One pervy frog man gets down in the music video for Weaves‘ “Motorcycle”, where vaguely sexual lyrics turn into an animated tale of a naughty amphibian’s crotch-heavy love for his newfound motorcycle. This animated short is the product of a collaboration between the band and director Jason Harvey, who, for a change of pace, put away his video camera and took out his Wacom tablet.

In the featured Q&A, Harvey, along with Jasmyn Burke and Morgan Waters of Weaves, share their perspectives on meeting, the creative process, and the final horny result.

Weaves (Musicians)


Jason Harvey (Director)

Weaves – “Motorcycle” Music Video


Weaves – “Motorcycle” Music Video

Weaves (Musicians)

Jason Harvey (Director)

How did the collaboration for the music video form, and how much of an exchange of ideas was there?

Jasmyn Burke: I hadn’t actually met Mr. Harvey prior to this collaboration. I had really liked a few videos in the past few months from Mac DeMarco, No Joy, and Prince Innocence and looked into who had made them; turns out they were all by Jason Harvey. So I guess I just kind of knew in some way that I wanted to work with him and thought he would be the perfect fit for this kind of song.

I sent a cold email and essentially he started working on ideas right after we agreed to work together. It just felt like he would understand the playfulness of the song and yeah, he did a great job.

Jason Harvey: I suggested using animation because all the visuals I saw in my head would have been too challenging expensive or impossible to do in real life, so I thought we just make it inside the computer you know?


How long did the creation process take, and what programs or tools were used to create the video?

Jasmyn Burke: …I guess essentially he would send us gifs of some ideas that he had, and as they came in, we liked every image, so we just gave him free range to do what he wanted after the first few emails.

But funnily enough we, by fluke, we met on Canada Day! Drinking beers on the beach with a mutual friend and then we sort of said hello for the first time. Posi vibes.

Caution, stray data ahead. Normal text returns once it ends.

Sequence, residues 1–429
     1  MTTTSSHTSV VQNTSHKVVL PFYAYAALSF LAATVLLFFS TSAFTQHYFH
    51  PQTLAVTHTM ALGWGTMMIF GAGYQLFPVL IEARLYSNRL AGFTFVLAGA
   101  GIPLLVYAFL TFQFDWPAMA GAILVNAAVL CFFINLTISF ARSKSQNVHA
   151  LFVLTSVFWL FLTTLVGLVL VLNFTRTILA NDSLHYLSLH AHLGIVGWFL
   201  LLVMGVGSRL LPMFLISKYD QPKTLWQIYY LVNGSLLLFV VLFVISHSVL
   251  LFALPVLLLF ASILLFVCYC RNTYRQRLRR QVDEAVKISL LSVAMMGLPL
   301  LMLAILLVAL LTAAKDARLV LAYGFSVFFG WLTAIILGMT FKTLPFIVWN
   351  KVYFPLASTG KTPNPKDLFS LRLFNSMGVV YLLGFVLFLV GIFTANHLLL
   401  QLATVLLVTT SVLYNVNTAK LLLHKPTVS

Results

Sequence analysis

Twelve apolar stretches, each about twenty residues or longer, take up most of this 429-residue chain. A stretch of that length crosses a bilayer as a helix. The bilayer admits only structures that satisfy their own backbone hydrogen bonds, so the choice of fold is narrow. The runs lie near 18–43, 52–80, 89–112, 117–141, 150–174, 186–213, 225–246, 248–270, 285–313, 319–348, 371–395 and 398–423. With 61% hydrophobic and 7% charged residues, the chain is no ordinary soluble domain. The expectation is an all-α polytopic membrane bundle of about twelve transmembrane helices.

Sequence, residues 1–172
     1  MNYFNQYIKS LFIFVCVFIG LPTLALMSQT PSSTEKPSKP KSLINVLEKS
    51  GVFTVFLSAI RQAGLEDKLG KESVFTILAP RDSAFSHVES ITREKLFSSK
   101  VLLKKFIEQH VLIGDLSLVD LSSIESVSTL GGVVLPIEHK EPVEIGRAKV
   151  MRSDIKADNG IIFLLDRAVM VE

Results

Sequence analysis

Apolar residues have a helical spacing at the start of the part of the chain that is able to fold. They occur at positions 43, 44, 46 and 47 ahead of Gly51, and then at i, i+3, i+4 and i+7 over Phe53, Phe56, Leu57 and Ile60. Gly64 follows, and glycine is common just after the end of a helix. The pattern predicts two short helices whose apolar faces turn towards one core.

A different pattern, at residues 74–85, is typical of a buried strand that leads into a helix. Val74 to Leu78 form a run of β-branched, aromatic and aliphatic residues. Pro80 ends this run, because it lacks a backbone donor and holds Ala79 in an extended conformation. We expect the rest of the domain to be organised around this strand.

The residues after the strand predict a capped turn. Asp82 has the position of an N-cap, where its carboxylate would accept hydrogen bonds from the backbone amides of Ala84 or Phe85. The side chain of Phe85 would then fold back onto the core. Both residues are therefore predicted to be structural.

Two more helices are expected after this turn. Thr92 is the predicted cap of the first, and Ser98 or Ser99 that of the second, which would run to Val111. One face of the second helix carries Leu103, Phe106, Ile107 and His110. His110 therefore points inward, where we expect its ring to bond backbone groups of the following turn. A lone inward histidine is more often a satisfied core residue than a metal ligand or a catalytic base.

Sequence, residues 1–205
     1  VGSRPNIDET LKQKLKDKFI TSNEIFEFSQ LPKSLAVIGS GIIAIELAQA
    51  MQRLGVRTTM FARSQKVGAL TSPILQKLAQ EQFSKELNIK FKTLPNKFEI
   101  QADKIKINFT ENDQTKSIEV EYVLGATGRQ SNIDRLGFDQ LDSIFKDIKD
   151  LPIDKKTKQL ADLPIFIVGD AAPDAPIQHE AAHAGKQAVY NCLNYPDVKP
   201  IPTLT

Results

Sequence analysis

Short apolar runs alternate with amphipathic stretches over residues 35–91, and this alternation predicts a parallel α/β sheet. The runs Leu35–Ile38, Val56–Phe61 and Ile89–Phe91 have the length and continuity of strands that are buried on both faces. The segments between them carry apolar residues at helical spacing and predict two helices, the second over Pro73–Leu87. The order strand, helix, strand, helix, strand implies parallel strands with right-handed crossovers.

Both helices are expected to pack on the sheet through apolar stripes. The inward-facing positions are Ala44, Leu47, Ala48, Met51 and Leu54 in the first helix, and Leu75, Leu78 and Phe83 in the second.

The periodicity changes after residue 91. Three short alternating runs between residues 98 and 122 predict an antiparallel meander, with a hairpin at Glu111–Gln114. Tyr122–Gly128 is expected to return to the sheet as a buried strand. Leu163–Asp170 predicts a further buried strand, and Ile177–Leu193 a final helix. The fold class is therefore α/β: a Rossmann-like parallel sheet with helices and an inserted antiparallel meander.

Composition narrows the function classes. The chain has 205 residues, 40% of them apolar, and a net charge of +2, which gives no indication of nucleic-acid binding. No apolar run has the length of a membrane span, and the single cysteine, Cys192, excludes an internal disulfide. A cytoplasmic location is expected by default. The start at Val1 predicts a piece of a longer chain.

Jason Harvey: The whole thing took about six weeks to do; I had a few rough sketches I did with actual physical pen and paper, but for the most part I used a Wacom tablet to draw stuff right into Photoshop then manipulate and animate things in After Effects.


Using a stream-of-consciousness method of writing, could you write a couple sentences describing the main character?

Jasmyn Burke: What I like was that the motorcycle became the blue-eyed dream. Almost like the ride took away any type of emphasis on a particular person or place and placed it on this intangible entity. Gust or gusto.

Morgan Waters: Dumb green beast, lookin’ for thrills in a shitty town.

Jason Harvey: Non-gendered pansexual anthropomorphic frog/dog mammal thing, super horny.


Do you know about the phenomenon of people being in love with inanimate objects? + How does this idea tie into or change your interpretation of this music video? :D

Jasmyn Burke: Woah that’s kind of a dark post. Hah.
We all gotta looooove. Imagine marrying a video game, redundant.
Jason Harvey: I didn’t really think about it before in the context of this video, but object sexuality is something I find pretty interesting; I respect love in all its forms. There is a pretty good documentary about this very small community of (mostly dudes I think) all over the world who are sexually and romantically attracted to cars. I think it’s called My Car Is My Lover. There is a really good scene where the production crew wakes up to figure out a guy has had sex with their car in the night. This is it →→


What are some of your favorite scenes or details in the video?

Jasmyn Burke: I have to say overall it made me feel nostalgia towards my childhood. Owning a spacemaker for my desk and writing on my hands and using marker to colour my hair. But generally, I like that really long still shot of the frog’s crotch on the motorcycle.

Morgan Waters: Jar Jar Binks Memorial Bar and Grill.

Jason Harvey: My favourite part is at the end when everybody dies; I thought it was a poignant way the end things — to tack on the death of every character at the end when the song itself kind falls apart and dissolves into noise. I like the illusion to a life beyond death, to the unknown and infinite reality of the universe.


The “Motorcycle” single is out now on Buzz Records.


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